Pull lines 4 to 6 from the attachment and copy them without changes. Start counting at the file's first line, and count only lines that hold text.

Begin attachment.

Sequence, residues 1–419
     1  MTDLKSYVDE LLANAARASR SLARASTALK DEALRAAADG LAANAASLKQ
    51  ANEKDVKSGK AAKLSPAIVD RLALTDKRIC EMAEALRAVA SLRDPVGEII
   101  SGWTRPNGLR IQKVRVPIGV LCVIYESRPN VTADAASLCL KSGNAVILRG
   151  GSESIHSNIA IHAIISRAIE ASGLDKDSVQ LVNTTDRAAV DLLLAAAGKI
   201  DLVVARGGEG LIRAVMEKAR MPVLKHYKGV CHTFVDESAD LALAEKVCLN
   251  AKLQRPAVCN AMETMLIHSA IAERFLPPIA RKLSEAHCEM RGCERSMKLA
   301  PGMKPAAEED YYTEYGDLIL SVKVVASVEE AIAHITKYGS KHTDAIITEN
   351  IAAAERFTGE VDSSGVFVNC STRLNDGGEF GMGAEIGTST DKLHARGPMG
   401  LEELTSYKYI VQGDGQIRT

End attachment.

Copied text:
   101  SGWTRPNGLR IQKVRVPIGV LCVIYESRPN VTADAASLCL KSGNAVILRG
   151  GSESIHSNIA IHAIISRAIE ASGLDKDSVQ LVNTTDRAAV DLLLAAAGKI
   201  DLVVARGGEG LIRAVMEKAR MPVLKHYKGV CHTFVDESAD LALAEKVCLN